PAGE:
Three things to know before buying a wine fridge
Preserve your wines at their best with temperature-controlled storage.
According to Decanter, the wines that should be served the coldest are sparkling wines, but more aromatic wines shouldn’t be chilled as much—so we’re talking as low as 6C for Champagne, as high as 13C for a Pouilly Fuissé or a Viognier. Here’s what to bear in mind before you buy a wine fridge.
Just because your fitted kitchen didn’t come with a wine fridge, doesn’t mean that you can’t retro fit one. It might mean losing a cabinet, or you could choose to install a freestanding fridge in a larder or utility room. Measure up before you buy—especially if you’re installing it in a space that previously had a kitchen unit, and remember that most will require ventilation space left around them—it varies but 20mm at the rear and top, and 30mm each side is not uncommon so factor this in too.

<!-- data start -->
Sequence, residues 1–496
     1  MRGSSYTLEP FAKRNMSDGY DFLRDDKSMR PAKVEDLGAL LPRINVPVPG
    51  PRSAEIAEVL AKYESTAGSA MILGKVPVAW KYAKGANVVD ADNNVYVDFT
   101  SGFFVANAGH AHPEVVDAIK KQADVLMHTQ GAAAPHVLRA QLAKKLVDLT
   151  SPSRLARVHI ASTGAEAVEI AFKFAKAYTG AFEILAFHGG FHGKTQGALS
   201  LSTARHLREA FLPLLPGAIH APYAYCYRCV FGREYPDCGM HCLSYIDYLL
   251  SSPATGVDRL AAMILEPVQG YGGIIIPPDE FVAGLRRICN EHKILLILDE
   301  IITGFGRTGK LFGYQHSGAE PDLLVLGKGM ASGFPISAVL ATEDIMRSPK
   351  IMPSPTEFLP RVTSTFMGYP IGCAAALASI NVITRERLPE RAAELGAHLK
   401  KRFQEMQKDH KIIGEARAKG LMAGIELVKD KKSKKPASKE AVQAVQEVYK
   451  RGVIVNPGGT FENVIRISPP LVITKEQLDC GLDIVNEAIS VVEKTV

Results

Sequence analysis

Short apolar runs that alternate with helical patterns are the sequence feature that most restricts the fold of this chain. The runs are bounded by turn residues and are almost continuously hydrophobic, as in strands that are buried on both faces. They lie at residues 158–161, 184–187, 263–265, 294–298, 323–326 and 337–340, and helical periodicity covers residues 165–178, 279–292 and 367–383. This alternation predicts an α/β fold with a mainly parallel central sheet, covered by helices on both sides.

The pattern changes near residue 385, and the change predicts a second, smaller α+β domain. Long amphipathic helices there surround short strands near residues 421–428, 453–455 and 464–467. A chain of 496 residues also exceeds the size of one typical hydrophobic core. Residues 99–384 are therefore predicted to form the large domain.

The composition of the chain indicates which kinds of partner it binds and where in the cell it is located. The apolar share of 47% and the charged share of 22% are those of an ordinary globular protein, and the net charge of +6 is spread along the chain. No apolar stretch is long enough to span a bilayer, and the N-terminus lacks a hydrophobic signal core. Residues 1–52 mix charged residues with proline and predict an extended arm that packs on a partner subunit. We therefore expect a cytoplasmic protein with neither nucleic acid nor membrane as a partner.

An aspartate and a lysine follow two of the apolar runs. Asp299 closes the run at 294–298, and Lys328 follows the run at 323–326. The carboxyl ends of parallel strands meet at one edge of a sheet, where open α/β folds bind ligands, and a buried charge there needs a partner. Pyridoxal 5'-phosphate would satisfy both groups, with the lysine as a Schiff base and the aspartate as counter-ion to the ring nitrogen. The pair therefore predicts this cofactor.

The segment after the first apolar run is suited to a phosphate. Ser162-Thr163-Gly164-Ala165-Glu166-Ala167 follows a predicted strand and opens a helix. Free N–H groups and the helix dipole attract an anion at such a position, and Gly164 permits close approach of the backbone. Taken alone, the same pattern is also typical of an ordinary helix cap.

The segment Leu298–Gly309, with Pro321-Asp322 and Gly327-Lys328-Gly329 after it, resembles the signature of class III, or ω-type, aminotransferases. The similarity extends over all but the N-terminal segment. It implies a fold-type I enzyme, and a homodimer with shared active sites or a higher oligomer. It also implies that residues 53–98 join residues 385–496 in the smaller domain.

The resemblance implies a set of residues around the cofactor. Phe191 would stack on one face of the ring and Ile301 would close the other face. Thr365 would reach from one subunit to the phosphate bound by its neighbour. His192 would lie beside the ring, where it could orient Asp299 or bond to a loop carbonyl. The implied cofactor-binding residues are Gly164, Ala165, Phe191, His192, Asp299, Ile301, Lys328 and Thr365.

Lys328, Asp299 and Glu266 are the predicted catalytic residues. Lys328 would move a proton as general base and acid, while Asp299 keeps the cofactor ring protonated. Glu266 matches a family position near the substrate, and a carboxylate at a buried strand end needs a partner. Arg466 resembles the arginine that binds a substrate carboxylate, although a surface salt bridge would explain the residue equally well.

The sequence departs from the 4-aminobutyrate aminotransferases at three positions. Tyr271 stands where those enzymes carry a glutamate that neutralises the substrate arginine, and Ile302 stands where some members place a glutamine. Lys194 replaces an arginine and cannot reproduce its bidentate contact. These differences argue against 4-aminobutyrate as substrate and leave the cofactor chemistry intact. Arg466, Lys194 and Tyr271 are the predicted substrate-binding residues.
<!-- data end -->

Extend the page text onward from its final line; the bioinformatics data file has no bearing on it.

Wine fridges are more accurate than regular fridges so rather than cooling according to a number from 1 to 6, you can actually set a thermostat for a specific temperature. If you have a particular wine in mind, make sure that the fridge’s temperature range will encompass it. A range of 5-20C is not uncommon, but less expensive fridges may not extend as far each end. Larger capacity cabinets tend to have more temperature options.
The capacity of a fridge can sometimes be optimistically overstated by the manufacturers so do take a look at reviews. If you’ve got four shelves that claim they can hold three bottles, and you’re a Champagne fan, make sure that they’ll accommodate three Champagne bottles and not just three of those super skinny bottles from Alsace.